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Minnesota Queen Pageants: Play, Fun, and Dead Seriousness in a Festive Mode

Robert H. Lavenda
The Journal of American Folklore
Vol. 101, No. 400 (Apr. - Jun., 1988), pp. 168-175
DOI: 10.2307/540107
Stable URL: http://www.jstor.org/stable/540107
Page Count: 8
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Since scans are not currently available to screen readers, please contact JSTOR User Support for access. We'll provide a PDF copy for your screen reader.
Minnesota Queen Pageants: Play, Fun, and Dead Seriousness in a Festive Mode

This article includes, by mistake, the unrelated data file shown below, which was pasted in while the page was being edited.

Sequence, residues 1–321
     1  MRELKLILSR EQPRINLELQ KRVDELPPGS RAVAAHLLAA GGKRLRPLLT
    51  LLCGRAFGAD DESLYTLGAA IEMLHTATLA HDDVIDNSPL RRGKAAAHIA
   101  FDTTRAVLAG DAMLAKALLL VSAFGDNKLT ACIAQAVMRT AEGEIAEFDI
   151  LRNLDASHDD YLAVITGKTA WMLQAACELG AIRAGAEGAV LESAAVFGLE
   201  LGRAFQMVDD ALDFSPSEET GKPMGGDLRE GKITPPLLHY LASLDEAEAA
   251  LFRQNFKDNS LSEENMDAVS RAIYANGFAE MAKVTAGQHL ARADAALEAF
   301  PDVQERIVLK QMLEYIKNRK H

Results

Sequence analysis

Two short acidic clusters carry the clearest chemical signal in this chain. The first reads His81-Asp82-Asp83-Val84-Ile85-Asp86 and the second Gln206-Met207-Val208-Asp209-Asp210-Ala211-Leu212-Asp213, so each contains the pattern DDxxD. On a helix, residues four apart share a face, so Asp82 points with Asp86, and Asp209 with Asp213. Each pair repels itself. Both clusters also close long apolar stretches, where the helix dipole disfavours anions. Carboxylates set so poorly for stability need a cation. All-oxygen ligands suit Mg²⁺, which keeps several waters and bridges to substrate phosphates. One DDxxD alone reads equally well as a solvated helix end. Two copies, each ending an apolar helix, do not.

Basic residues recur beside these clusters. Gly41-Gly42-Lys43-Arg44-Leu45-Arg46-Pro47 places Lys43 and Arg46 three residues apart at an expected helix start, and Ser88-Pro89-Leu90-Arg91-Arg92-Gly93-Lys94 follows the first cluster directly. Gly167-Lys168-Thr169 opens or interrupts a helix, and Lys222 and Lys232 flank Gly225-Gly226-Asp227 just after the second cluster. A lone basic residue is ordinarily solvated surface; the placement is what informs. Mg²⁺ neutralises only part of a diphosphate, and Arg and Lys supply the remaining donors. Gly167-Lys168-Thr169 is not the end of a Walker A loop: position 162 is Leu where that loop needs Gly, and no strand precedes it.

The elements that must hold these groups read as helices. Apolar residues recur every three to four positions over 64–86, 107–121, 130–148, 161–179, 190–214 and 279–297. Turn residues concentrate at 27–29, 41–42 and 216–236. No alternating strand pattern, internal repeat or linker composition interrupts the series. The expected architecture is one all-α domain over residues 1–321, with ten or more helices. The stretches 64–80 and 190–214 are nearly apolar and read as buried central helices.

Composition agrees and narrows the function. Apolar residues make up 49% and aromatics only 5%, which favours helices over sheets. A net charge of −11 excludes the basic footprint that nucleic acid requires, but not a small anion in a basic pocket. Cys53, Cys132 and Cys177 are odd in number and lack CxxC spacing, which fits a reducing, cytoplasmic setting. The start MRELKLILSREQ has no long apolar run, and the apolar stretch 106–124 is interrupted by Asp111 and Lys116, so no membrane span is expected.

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Abstract

While small-town queen pageants bear a family resemblance to mass-media pageants, there are significant differences. Small-town pageants are about social class, achievement, community values, and femininity in a small-town context, and they are training for the social positions toward which many of the candidates aspire. Though couched in terms of play, they are deadly serious.

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